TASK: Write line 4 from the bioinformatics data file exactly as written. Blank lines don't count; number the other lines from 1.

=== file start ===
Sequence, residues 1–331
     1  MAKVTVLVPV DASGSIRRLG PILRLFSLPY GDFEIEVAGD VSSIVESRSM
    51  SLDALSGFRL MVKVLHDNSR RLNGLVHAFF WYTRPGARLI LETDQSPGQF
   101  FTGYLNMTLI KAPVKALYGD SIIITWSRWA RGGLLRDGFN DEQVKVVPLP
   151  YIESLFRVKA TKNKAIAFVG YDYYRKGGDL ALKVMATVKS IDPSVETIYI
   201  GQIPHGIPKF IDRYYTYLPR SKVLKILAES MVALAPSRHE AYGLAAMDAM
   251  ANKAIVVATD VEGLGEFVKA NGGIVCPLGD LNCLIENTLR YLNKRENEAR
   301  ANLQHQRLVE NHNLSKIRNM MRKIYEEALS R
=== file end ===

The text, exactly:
   101  FTGYLNMTLI KAPVKALYGD SIIITWSRWA RGGLLRDGFN DEQVKVVPLP